Integrative and Naturopathic Wellness Medicine

Naturopathic Medicine is the philosophy of treating disease and restoring health using natural therapies. It strongly promotes prevention in health care and a non-invasive approach to treatment including acupuncture and oriental medicine, homeopathy, botanical medicine, nutritional counseling, mind-body medicine, hydrotherapy and physical medicine.

The six principles that guide the therapeutic methods and modalities of Naturopathic Medicine include:

First Do No Harm – primum non nocere

Naturopathic Medicine uses therapies that are safe and effective.

The Healing Power of Nature – vis medicatrix naturae

The human body possesses the inherent ability to restore health. The physician’s role is to facilitate this process with the aid of natural, nontoxic therapies.

Discover and Treat the Cause, Not Just the Effect – tolle causam

Physicians seek and treat the underlying cause of a disease. Symptoms are viewed as expressions of the body’s natural attempt to heal. The origin of disease is removed or treated so the patient can recover.

Treat the Whole Person – tolle totum

The multiple factors in health and disease are considered while treating the whole person. Physicians provide flexible treatment programs to meet individual health care needs.

The Physician is a Teacher – docere

The physician’s major role is to educate, empower, and motivate patients to take responsibility for their own health. Creating a healthy cooperative relationship with the patient has a strong therapeutic value.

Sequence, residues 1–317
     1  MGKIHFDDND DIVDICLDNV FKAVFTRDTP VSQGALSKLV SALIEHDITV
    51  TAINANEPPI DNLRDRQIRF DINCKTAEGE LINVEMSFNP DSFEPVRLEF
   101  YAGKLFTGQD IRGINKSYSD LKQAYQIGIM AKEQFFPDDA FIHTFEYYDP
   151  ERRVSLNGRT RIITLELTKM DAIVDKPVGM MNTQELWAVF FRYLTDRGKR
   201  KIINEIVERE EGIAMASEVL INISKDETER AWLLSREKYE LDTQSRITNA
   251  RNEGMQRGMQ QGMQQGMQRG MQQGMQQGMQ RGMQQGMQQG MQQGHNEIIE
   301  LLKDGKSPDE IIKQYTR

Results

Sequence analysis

Prevention is the best “cure”

Naturopathic Medical Doctors are preventive medicine specialists. Physicians assess patient risk factors and heredity susceptibility and intervene appropriately to reduce risk and prevent illness. Prevention of disease is best accomplished through education and a lifestyle that supports health

Naturopathic Medical Doctors (NMDs) are primary care physicians clinically trained in natural therapeutics and whose philosophy is derived in part from a Hippocratic teaching more than 2000 years old: Vis mediatrix naturae—nature is the healer of all diseases. Their practice is based on the same basic bio-medical science foundation that allopathic practice is; however, their philosophies and approaches differ considerably from their conventional counterparts. Naturopathic physicians diagnose disease and treat patients by using natural modalities such as physical manipulation, clinical nutrition, herbal medicine, homeopathy, counseling, acupuncture, and hydrotherapy, among others. They choose treatment based on the individual patient, not based on the generality of symptoms. This approach has proven successful in treating both chronic and acute conditions.